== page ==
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Story Kyushu: Seasonal Activities by JNTO on 04 January 2018

While Kyushu’s full of historic castles and timeless temples, seasonal events – like cherry blossom-viewing and various festivals – add to its charm.

Cherry Blossom Viewing


Situated in southern Japan, Kyushu’s sakura (cherry blossom) season arrives earlier compared to more northern places like Kyoto or Tokyo, blooming from late March to early April.


Omura Park (Nagasaki): Home to Kushima Castle and the Kushima Shrine, Omura Park is one of Japan’s top cherry blossom viewing locations when 2,000 blooming cherry trees all turn pink. The local omurazakura cherry variety is designated as a Natural Treasure of Japan.


sakura viewing omura park


Yanagawa river (Fukuoka): Like a Japanese version of Venice, traditional donko (gondolas) ply the ancient network of canals surrounding Yanagawa Castle, making it a unique way to see cherry blossoms from the water.


sakura viewing yanagama river


Maizuru Park (Fukuoka): Maizuru Park, located downtown, is home to the ruins of Fukuoka Castle and over 1,000 sakura trees accessible via scenic walking trails. At night, the trees and castle are lit up, accompanied by around 90 yatai (traditional food stalls) that pop up for the festival.


sakura viewing maizuru park


Yoshino Park (Kagoshima): One of Kyushu’s most iconic sakura-viewing spots is Yoshino Park which is home to 800 cherry trees. Concentrated in a single large grove, you can admire them against the backdrop of iconic Sakurajima in the distance.


sakura viewing yoshino park


Kirishima-jingu (Kagoshima): Famous for its fall foliage, it’s also one of Kagoshima’s best sakura-viewing spots. One of Japan’s most revered locations, the 6th century Shinto shrine is linked to the story of Konohanasakuya-hime, or Cherry Blossom Princess, the mythical mountain goddess of Mt. Fuji.


sakura viewing kirishima-jingu


Mochio Park (Miyazaki): One of Japan’s top 100 sakura viewing spots, Michio Park is home to over 2,600 cherry trees. A sakura ‘tunnel’ lines the road into Michio, and there’s a popular 2km walking path that weaves through thousands of trees in the park where you’ll find three varieties of cherry trees, including the yaeshidarezakura (weeping cherry), which blooms slightly later than other trees.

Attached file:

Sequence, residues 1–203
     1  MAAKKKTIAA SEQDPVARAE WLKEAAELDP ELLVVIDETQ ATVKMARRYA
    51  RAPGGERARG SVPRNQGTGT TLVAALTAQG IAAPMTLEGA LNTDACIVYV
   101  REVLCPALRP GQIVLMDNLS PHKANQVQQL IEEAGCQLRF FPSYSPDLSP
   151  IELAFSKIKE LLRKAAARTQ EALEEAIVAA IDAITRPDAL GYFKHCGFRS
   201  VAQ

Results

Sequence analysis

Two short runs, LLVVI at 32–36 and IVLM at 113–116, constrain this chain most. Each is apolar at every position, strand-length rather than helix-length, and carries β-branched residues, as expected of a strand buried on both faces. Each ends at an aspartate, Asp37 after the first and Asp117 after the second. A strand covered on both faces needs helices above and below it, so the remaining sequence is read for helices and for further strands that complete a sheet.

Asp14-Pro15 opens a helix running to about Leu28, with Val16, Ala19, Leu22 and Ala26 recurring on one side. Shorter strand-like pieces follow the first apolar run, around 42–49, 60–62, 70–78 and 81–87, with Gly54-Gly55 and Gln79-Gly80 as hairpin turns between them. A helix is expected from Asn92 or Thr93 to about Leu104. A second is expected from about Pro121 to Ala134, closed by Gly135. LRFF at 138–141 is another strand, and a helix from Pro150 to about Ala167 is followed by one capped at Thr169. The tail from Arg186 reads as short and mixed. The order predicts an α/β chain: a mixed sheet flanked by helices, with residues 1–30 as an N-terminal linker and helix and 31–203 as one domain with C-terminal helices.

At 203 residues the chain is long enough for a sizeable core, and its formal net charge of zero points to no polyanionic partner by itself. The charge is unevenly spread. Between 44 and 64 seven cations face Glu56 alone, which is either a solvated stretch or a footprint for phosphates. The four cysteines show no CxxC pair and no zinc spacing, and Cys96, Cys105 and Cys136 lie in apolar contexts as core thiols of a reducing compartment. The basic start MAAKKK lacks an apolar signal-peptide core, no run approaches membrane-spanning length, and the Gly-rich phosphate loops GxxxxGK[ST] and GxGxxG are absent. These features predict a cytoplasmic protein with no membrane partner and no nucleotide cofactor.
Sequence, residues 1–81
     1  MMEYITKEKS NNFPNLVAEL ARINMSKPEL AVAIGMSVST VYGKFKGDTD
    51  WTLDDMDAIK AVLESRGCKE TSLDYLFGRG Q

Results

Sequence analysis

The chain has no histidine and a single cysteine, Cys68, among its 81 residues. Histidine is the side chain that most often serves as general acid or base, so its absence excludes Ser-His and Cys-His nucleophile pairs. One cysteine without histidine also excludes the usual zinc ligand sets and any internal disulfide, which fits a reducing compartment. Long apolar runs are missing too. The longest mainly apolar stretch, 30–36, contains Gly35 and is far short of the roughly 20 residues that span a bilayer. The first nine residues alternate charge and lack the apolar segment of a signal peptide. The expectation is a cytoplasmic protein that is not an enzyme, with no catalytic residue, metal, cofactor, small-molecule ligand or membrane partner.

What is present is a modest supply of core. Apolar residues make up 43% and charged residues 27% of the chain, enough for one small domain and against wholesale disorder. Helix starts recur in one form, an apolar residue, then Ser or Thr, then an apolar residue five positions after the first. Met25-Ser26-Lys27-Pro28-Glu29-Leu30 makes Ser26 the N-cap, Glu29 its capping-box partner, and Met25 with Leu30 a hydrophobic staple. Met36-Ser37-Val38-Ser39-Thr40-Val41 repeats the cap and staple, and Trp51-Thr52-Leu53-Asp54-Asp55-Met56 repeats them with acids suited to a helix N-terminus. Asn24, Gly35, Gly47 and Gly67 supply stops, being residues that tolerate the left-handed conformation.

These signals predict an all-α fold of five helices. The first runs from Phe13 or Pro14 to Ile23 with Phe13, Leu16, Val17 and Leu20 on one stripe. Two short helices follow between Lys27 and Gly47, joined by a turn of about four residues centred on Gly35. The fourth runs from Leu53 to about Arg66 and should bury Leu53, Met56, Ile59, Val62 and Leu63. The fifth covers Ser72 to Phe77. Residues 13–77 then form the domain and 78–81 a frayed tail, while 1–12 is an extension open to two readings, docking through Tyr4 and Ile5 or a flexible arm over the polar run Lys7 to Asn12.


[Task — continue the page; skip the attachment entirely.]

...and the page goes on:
Spring & Summer Festivals


With its diverse culture and landscape, no matter when (or where) you visit Kyushu, you’re likely to find a festival happening.


Nagasaki Lantern Festival (16th February - 2nd March, 2018), Nagasaki Prefecture


Spanning 15 days over the Chinese New Year period, festivities are centered on Chuo Park and Minato Park, including the opening light-up in both parks, as well as fireworks in Minato. There’s also the impressive Emperor’s Parade, followed by the Mazu Procession. The entire city is adorned with over 15,000 festive lanterns for the duration of the festival, creating a romantic atmosphere.


spring summer festival nagasakilantern


Hakata Dontaku Port Festival (3-4th May)


With a legacy stretching back over 800 years, the Hakata Dontaku Port Festival is one of Japan’s biggest and oldest street parades where thousands of dancers march through the streets in traditional costumes, banging wooden shamoji (large rice spoons) together, followed by hundreds of brightly-lit vehicles called hana jidosha. Participants and onlookers alike dress in traditional summer garb and gorge on festival fare at yatai stalls which pop-up along the route.


spring summer fest hakata dontaku


Now's the time to experience Kyushu!


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